Materials and Methods
CSF samples from 20 age-and sex ratio-matched sCJD and 13 age-and sex ratio-matched non-CJD controls were presented to the Chinese center for disease control and prevention. Both the control group and the CJD patient in the sample were Chinese. The average age of the sCJD and control patients was ~55 years, and the ratio of males to females was nearly 1:1. The clinical symptoms of the subjects were: rapid progressive dementia, myoclonus, akinetic mutism, disturbance of consciousness, mental symptoms, etc. Detailed samples background information was shown in Table 1. The diagnosis of sCJD refers to the CJD diagnostic criteria standardized by the Chinese Center for Disease Control and Prevention. The CJD diagnostic criteria unified by the centers for disease control are as follows: ① Suspected cases are based on the exclusion of other diseases, and meet the following clinical manifestations 2 or more: rapid progressive dementia, passive silence, myoclonus, visual/cerebellar dysfunction, cone system/extrapyramidal dysfunction. ② The clinical cases are basically consistent with the suspected diagnosis cases, and meet any of the following items: EEG shows periodic three-phase waves during the course of the disease; laboratory tests for positive detection of 14-3-3 protein in cerebrospinal fluid (CSF); Early nuclear magnetic resonance imaging revealed abnormally high signals in the putamen/tail caudate nucleus, and diffusion-weighted images (DWI) showed a “ribbon” sign of symmetry/asymmetry cortex (or cortex). ③ The confirmed cases should meet one of the following items: spongiform lesions found in brain histopathology; immunohistochemical detection of brain tissue, presence of protease-resistant PrPsc deposition; protein immunoblotting to detect brain tissue, protease-resistant PrPsc.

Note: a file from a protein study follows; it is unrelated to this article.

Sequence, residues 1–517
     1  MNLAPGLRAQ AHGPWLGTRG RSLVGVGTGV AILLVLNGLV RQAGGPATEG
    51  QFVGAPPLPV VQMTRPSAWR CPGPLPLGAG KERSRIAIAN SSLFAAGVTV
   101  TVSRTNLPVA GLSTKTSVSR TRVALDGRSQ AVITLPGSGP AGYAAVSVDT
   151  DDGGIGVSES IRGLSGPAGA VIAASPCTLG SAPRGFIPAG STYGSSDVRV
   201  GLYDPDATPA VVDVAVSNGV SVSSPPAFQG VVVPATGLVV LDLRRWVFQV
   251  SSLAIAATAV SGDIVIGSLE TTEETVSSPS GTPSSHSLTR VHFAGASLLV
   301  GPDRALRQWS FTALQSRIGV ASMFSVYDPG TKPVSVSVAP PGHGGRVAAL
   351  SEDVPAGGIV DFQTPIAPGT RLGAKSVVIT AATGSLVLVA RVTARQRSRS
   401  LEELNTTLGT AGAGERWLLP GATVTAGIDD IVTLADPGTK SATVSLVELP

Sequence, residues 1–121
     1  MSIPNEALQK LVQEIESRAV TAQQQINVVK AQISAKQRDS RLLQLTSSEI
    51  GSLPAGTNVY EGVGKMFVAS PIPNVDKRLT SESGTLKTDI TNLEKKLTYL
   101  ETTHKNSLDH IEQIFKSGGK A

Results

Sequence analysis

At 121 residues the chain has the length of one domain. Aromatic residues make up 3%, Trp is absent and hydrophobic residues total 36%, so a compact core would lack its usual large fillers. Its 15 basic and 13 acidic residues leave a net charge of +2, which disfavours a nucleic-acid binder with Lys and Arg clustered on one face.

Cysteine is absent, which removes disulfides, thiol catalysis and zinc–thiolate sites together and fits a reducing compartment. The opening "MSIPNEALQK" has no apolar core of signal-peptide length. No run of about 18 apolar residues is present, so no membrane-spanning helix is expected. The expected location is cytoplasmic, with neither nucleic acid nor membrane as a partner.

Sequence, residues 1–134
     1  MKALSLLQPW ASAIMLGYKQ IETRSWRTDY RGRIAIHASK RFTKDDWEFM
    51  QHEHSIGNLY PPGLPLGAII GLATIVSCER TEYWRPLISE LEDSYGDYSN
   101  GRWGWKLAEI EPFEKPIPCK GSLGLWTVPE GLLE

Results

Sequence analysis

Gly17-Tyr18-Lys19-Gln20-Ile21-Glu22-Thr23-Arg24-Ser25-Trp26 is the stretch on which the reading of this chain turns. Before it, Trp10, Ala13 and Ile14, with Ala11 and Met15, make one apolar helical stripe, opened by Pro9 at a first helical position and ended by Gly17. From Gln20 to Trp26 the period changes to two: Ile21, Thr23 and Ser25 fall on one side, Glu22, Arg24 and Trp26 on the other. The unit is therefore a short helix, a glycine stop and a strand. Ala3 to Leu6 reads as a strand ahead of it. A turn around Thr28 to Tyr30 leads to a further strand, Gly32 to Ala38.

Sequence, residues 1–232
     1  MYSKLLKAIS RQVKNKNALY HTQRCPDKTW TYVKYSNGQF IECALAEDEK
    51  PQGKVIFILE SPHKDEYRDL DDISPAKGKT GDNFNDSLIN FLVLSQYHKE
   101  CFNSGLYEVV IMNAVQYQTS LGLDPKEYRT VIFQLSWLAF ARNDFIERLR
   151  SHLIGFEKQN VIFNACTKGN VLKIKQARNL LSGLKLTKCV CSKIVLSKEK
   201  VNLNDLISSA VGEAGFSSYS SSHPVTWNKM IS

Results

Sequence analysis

Detection of CSF Mitochondrial DNA Copy Number in sCJD Patients
Digital Droplet Polymerase Chain Reaction (ddPCR)
The CSF mtDNA copy number of sCJD patients and non-CJD samples was directly determined by ddPCR. In this experiment, an amplification product containing 85 base pairs (mtDNA-85) was the only product generated. Three replicates were performed in 96-well plates. The sequences of the amplified mtDNA primer and probe were shown in Supplementary Table 1-1 and Date Supplementary Table 1-2. The amplification reaction system and amplification reaction procedure were shown in Date Supplementary Tables 1-3, 1-4. After the amplification reaction was complete, the QX200 Droplet Reader was used to read the signal, after which the data were analyzed.
Statistical analysis was performed using Graphpad Prism 7 software to compare the mitochondrial DNA copy number in CSF samples from the control group and sCJD patients. At the same time, the factors of gender, age, and symptoms were analyzed to assess their relationship with the CSF mitochondrial DNA copy number. The results are expressed as the mean mtDNA concentration in CSF (mtDNA copy/20 μL ± SEM). The statistical significance was set at p < 0.05.
Mitochondrial DNA Copy Number of the CSF of sCJD Patients (Calculated per 20 μL Copy Number)
The amplified mitochondrial DNA copy number of CSF in the experimental group and the control group results are shown in Supplementary Table 2. The mitochondrial DNA copy number of the CSF of sCJD patients (404.9 ± 142.2 copies/20 μL) was significantly increased in comparison with that of the control group (264.3 ± 78.62 copies/20 μL) (Figure 1A).